April 12, 2023

Can Iran Recover Its Democracy?

Event Series: Free Speech at the Crossroads: International Dialogues

Showing the Can Iran Recover Its Democracy? Video

Ever since Mahsa Amini died in September 2022, in the custody of Iran’s morality police, for allegedly wearing her hijab improperly, the world has watched tens of thousands of Iranian protesters face off against an authoritarian government determined to deny women’s rights. Nearly 20,000 have been arrested, and human rights groups say the country has issued at least 11 protest-related death sentences and is expected to try dozens more, including children, for charges that can carry the death penalty. But even in the midst of deadly violence and threats from security forces, the protesters, a significant number of whom are young and female, continue to defy the regime. Taking to the streets in dozens of cities throughout the country, they are marching and burning their headscarves. Will the protests threaten the 44-year-old theocratic government? Could a new Iranian Revolution that values free speech, secularism, and democracy be on the horizon?

This event is co-sponsored by the Free Speech Project (Georgetown University) and the Future of the Humanities Project (Georgetown University and Blackfriars Hall and Campion Hall, Oxford).


Sanam Naraghi Anderlini is the founder and CEO of the International Civil Society Action Network (ICAN) and an adjunct professor at Columbia University’s School of International and Public Affairs. She was formerly director of the Centre for Women, Peace, and Security at the London School of Economics. Anderlini has 25 years of experience as a global peace strategist. At ICAN, she spearheads the Women’s Alliance for Security Leadership (WASL), comprising over 90 women-led peacebuilding organizations in 40 countries.

Marjan Keypour Greenblatt is a human rights activist and advocate for women and minorities in Iran. She is the founding director of the Alliance for Rights of All Minorities (ARAM), an international network that promotes equal rights for all citizens in Iran, and StopFemicideIran, an advocacy campaign that monitors and documents incidents and memorializes their victims. Co-chair of the Anti-Defamation League’s (ADL) Task Force on Middle East Minorities, she is also an advisory board member of the Atlantic Council's Iran Strategy Project and New Union for Democracy in Iran (NUFDI).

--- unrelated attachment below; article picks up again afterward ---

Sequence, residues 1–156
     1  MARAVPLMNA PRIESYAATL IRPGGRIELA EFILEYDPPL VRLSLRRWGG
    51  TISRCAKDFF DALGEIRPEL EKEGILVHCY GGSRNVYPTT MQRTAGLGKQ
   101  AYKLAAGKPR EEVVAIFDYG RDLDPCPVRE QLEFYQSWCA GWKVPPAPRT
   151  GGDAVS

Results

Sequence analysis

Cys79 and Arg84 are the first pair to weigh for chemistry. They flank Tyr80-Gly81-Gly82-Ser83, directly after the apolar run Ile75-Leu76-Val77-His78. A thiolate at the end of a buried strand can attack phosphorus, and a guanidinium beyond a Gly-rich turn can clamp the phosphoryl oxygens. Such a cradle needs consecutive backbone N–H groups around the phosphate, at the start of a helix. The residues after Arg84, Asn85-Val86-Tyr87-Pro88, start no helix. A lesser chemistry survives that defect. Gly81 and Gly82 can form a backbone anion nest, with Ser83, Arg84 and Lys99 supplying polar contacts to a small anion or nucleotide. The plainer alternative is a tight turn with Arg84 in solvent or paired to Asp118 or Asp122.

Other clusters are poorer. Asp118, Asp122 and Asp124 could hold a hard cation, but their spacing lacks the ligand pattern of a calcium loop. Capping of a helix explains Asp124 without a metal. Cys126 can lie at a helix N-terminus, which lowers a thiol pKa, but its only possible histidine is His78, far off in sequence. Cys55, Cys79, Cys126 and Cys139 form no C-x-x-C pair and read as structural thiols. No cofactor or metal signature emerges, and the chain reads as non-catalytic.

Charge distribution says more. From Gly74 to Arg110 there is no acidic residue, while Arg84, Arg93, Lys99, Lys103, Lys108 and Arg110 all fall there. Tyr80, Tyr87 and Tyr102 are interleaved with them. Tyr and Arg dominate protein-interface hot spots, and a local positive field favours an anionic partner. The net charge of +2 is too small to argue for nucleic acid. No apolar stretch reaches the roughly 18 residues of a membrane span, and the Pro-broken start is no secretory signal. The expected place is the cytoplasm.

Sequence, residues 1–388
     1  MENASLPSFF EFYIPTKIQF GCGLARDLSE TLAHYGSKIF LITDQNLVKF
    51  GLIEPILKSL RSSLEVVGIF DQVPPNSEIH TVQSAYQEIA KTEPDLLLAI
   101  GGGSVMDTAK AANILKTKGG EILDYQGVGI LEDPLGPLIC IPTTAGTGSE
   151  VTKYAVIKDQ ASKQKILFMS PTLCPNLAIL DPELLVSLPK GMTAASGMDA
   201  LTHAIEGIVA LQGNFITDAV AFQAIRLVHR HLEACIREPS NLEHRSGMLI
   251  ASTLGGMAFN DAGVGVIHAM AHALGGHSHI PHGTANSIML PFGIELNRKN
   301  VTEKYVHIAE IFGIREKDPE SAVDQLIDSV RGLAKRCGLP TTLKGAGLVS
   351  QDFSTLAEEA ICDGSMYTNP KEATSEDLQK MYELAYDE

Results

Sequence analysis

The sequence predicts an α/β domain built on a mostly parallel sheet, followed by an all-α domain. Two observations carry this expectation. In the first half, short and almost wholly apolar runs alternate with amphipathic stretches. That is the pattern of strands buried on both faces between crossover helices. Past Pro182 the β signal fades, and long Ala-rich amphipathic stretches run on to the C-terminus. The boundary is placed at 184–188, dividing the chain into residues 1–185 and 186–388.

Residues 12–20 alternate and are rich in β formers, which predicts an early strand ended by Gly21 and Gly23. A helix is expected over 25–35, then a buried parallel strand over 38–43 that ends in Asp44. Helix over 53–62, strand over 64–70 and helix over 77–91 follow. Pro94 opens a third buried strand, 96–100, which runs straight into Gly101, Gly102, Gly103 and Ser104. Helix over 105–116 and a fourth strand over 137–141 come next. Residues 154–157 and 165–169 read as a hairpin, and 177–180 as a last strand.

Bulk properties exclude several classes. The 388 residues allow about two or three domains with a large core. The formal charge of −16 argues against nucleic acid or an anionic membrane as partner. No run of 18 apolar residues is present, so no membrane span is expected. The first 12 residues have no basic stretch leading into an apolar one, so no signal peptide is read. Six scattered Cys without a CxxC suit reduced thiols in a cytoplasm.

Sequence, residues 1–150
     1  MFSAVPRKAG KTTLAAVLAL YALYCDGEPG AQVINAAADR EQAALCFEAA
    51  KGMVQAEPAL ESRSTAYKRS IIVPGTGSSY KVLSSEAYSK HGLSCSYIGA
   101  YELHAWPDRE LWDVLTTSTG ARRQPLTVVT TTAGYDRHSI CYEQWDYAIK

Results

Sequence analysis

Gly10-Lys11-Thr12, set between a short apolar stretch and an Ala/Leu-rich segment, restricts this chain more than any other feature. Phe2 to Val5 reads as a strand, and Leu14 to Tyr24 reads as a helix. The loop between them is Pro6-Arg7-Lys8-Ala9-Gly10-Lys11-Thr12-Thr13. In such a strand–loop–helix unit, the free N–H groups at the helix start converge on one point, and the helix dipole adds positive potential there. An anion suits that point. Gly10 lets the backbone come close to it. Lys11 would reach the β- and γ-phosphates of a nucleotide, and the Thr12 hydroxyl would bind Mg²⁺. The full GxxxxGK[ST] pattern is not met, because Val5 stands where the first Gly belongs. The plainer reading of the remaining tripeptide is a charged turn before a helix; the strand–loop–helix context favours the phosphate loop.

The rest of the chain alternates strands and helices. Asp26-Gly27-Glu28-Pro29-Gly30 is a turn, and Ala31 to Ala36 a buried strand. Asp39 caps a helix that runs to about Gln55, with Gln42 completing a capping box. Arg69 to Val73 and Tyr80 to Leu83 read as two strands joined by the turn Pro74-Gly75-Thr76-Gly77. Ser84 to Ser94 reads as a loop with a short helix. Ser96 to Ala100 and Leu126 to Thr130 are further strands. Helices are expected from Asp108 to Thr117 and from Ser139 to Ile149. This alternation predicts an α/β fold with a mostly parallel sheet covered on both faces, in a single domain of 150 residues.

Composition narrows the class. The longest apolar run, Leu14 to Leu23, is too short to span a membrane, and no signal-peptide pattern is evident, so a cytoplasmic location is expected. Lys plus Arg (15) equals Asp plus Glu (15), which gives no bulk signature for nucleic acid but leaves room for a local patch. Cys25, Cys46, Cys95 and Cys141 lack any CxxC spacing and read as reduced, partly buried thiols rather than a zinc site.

Fathali M. Moghaddam, a professor of psychology at Georgetown University, edits the Cambridge University Press series on progressive psychology. He previously edited the journal Peace and Conflict: Journal of Peace Psychology and directed the Interdisciplinary Program in Cognitive Science and the Conflict Resolution Program at Georgetown. Moghaddam’s books include Political Plasticity - The Future of Democracy and Dictatorship (2022), The Psychology of Dictatorship (2013), The Psychology of Democracy (2016), and Threat to Democracy: The Appeal of Authoritarianism in an Age of Uncertainty (2019).

Michael Nazir-Ali, president of the Oxford Centre for Training, Research, Advocacy, and Dialogue (OXTRAD), was the 106th Bishop of Rochester for 15 years until 2009. He is originally from southwest Asia and in 1994 became the first diocesan bishop in the Church of England born abroad. He holds British and Pakistani citizenship and served as a member of the House of Lords beginning in 1999, where he was active in several areas of national and international concern. Nazir-Ali has both a Christian and Muslim family background.

Michael Scott (moderator) is senior dean, fellow of Blackfriars Hall, Oxford, college adviser for postgraduate students, and a member of the Las Casas Institute. He also serves as senior adviser to the president of Georgetown University. Scott previously was the pro-vice-chancellor at De Montfort University and founding vice-chancellor of Wrexham Glyndwr University.

Sanford J. Ungar (moderator), president emeritus of Goucher College, is director of the Free Speech Project at Georgetown University, which documents challenges to free expression in American education, government, and civil society. Director of the Voice of America under President Bill Clinton, he was also dean of the American University School of Communication and is a former co-host of "All Things Considered" on NPR.